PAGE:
A thorough review of the legal aid system is needed in the wake of state-funded attempts by a burglar to sue a householder who shot and injured him, the Government was urged on Tuesday.
Tony Martin shot Brendan Fearon in August 1999
Conservative MP for South West Devon Gary Streeter told the Commons the world had
gone "barking mad" and the public had lost confidence in the system.
Brendon Fearon, 33, won the right to sue Tony Martin for a reported £15,000 damages for wounds he received during a break-in at the farmer's home in Emneth Hungate, Norfolk, in August 1999.
A judge at Nottingham County Court declared this month that Mr Fearon was entitled under the Human Rights Act to a full hearing and sent the case to the Royal Courts of Justice.
Is it any wonder that the general public are losing confidence in the Legal Aid Board
Mr Martin, who is serving a five-year jail term for manslaughter, has vowed to fight any action "tooth and nail".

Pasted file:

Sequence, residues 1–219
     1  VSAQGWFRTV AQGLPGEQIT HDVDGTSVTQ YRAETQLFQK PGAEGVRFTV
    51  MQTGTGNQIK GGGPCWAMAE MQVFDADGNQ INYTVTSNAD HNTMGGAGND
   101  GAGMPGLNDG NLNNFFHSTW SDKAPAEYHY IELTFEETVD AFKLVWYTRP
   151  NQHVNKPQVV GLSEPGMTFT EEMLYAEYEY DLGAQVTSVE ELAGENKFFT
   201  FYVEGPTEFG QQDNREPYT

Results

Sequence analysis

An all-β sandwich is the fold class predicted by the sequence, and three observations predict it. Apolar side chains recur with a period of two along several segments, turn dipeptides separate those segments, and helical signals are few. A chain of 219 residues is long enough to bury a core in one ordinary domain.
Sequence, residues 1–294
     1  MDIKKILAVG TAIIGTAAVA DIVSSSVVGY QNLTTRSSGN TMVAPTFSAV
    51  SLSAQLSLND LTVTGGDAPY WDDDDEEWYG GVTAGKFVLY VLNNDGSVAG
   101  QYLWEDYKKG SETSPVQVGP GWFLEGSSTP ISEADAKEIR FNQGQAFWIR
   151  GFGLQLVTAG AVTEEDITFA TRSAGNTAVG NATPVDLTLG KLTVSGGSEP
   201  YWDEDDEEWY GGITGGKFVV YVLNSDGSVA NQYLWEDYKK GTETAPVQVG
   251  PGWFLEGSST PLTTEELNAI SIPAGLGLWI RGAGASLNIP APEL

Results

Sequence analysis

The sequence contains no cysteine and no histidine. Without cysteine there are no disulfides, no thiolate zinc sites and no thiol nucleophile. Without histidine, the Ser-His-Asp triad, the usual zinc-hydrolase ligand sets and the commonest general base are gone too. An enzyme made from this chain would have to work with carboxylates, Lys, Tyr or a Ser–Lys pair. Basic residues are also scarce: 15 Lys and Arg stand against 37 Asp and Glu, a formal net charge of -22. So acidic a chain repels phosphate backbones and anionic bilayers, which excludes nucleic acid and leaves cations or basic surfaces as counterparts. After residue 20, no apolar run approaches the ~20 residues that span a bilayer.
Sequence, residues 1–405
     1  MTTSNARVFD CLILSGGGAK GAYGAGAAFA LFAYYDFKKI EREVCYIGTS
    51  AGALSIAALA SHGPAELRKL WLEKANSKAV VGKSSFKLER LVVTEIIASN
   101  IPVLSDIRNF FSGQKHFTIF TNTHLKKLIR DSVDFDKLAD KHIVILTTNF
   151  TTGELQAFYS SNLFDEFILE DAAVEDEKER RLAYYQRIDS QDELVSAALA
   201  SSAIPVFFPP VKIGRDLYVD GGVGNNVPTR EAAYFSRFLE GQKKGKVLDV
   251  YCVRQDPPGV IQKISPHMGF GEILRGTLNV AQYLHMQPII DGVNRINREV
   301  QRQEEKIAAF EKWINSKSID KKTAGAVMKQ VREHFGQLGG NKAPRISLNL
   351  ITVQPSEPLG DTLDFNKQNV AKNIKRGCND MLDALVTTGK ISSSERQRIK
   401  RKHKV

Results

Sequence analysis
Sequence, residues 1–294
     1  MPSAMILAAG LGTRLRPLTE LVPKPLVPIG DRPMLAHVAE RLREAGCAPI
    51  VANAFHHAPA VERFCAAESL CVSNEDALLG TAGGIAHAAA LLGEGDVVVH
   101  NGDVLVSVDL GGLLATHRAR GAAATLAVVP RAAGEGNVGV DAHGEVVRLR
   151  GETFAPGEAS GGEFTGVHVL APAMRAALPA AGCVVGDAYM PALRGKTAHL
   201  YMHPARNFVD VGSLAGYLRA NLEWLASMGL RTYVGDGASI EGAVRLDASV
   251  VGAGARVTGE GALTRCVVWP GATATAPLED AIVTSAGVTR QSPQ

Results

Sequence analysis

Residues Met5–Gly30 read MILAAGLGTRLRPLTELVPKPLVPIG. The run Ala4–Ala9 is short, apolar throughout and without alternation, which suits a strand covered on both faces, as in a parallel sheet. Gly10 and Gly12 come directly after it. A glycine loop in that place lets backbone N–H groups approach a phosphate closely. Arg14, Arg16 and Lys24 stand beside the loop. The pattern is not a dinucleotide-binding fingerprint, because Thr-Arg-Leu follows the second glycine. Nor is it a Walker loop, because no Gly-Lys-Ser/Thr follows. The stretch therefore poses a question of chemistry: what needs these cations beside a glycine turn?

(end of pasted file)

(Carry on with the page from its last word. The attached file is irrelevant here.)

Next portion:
At question time for ministers in the new Department of Constitutional Affairs, Mr Streeter asked: "Will you organise a thorough review of the Legal Aid Board and its practices generally?
"When we live in a society where someone who chooses to break into a house with the intention of stealing then gets legal aid to bring an action for damages against the householder hasn't the world gone barking mad?
"And is it any wonder that the general public are losing confidence in the Legal Aid Board?"
Junior minister David Lammy said a consultation on the supply, demand and
purchase of legal aid began on 5 June and would continue "for some months".